- Reg Butler 1913–1981
- Object: 335 x 109 x 107 mm
- Purchased 1982
Not on display
Reg Butler 1913-1981
Forged and welded iron 335 x 109 x 107 (13 1/4 x 4 1/4 x 4 1/8) including integral fired clay base
Incised ‘S' in top of base near corner
Purchased from Maxwell Davidson Gallery, New York (Grant-in-Aid) 1982
Prov: Hanover Gallery, bt Marcus Whiffen 1949; ... ; sold Sotheby's, New York, 18 Dec. 1981 (66, repr., as ‘Maquette, 1948') bt Maxwell Davidson Gallery, New York.
Exh: Sculptures in Iron by Reg Butler, Hanover Gallery, July-Aug. 1949 (2); Reg Butler, A Retrospective Exhibition, J.B. Speed Art Museum, Louisville, Kentucky, Oct.-Dec. 1963 (7); Reg Butler, Tate Gallery, Nov. 1983-Jan. 1984 (16, repr., as ‘Maquette for Woman')
Lit: Richard Calvocoressi, ‘Reg Butler: The Man and the Work' in Reg Butler, exh. cat., Tate Gallery, 1983, pp.16-17
At the Hanover Gallery in 1949 this was exhibited as ‘Woman (1949). Project for large figure', and it is similarly listed in the artist's record books (number 20). The large figure is the Tate Gallery's ‘Woman' 1949 (N05942, 2210mm, 87in high), bought by the Gallery from the Hanover Gallery in 1950. This was Butler's first large sculpture in iron and dominated his room at the Hanover Gallery in 1949. It is very similar to this study, and the only notable difference is that the large sculpture has an extra hole, perhaps representing a navel, just above where the ‘body' meets the lower horizontal. No other maquettes are known, but it is likely that Butler drew studies.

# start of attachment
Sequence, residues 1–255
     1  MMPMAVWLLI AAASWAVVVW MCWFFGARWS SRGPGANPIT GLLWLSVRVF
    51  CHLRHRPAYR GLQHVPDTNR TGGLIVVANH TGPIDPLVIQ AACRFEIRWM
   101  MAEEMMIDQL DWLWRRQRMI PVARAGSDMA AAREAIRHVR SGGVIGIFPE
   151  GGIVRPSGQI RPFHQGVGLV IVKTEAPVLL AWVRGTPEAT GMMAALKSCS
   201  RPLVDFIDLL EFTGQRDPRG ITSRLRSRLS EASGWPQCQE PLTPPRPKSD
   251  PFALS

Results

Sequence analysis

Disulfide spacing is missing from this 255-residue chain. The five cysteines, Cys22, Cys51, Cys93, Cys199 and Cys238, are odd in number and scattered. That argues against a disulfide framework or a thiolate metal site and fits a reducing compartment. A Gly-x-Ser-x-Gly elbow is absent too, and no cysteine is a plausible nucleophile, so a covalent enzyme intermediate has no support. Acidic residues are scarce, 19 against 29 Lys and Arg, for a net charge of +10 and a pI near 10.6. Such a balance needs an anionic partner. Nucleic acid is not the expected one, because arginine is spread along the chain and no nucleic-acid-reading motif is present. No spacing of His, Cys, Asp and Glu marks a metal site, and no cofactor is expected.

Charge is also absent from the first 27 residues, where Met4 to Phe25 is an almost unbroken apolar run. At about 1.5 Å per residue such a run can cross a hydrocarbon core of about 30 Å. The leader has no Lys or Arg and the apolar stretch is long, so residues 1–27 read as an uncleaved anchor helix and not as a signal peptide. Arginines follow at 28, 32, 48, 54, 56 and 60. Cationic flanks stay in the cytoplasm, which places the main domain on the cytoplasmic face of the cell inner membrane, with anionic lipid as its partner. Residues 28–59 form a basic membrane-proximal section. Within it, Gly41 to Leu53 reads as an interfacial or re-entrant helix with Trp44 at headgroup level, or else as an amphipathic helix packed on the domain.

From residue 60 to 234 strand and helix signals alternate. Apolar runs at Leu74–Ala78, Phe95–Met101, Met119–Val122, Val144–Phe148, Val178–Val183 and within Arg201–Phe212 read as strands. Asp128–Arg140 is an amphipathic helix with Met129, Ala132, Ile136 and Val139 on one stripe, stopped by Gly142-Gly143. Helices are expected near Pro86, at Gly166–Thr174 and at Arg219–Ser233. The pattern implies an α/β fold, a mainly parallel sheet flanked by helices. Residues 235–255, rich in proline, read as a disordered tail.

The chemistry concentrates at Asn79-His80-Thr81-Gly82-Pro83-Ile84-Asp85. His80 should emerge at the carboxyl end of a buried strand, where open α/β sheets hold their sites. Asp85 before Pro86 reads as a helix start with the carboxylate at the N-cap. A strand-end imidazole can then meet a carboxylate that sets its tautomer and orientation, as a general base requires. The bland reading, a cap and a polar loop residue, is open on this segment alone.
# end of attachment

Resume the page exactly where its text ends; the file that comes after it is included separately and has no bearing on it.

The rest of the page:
The first owner of the maquette, Marcus Whiffen, was an English architect who later moved to Phoenix, Arizona. It still belonged to him in 1963, when he lent it to the exhibition at Louisville, Kentucky.
The two ‘feet' of the sculpture are glued into holes in the ceramic base and the base itself is decorated with straight lines incised beside its edges on top and on each side.
The Tate Gallery 1984-86: Illustrated Catalogue of Acquisitions Including Supplement to Catalogue of Acquisitions 1982-84, Tate Gallery, London 1988, pp.499-500